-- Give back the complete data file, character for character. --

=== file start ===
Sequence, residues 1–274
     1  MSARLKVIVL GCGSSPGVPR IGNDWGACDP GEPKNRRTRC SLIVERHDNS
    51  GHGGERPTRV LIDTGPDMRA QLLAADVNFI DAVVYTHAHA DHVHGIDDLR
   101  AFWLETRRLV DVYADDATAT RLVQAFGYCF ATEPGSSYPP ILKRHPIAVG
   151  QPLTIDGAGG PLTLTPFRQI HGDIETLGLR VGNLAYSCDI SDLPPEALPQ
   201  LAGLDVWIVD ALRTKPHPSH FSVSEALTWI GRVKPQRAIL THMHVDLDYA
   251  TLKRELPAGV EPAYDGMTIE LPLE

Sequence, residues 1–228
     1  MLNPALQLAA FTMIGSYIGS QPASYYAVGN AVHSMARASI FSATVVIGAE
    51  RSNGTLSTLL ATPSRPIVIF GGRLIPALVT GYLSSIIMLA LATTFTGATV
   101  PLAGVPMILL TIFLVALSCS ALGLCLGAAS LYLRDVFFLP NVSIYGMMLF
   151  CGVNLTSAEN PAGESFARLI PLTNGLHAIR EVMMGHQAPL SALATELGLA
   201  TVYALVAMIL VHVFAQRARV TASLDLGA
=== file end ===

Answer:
Sequence, residues 1–274
     1  MSARLKVIVL GCGSSPGVPR IGNDWGACDP GEPKNRRTRC SLIVERHDNS
    51  GHGGERPTRV LIDTGPDMRA QLLAADVNFI DAVVYTHAHA DHVHGIDDLR
   101  AFWLETRRLV DVYADDATAT RLVQAFGYCF ATEPGSSYPP ILKRHPIAVG
   151  QPLTIDGAGG PLTLTPFRQI HGDIETLGLR VGNLAYSCDI SDLPPEALPQ
   201  LAGLDVWIVD ALRTKPHPSH FSVSEALTWI GRVKPQRAIL THMHVDLDYA
   251  TLKRELPAGV EPAYDGMTIE LPLE

Sequence, residues 1–228
     1  MLNPALQLAA FTMIGSYIGS QPASYYAVGN AVHSMARASI FSATVVIGAE
    51  RSNGTLSTLL ATPSRPIVIF GGRLIPALVT GYLSSIIMLA LATTFTGATV
   101  PLAGVPMILL TIFLVALSCS ALGLCLGAAS LYLRDVFFLP NVSIYGMMLF
   151  CGVNLTSAEN PAGESFARLI PLTNGLHAIR EVMMGHQAPL SALATELGLA
   201  TVYALVAMIL VHVFAQRARV TASLDLGA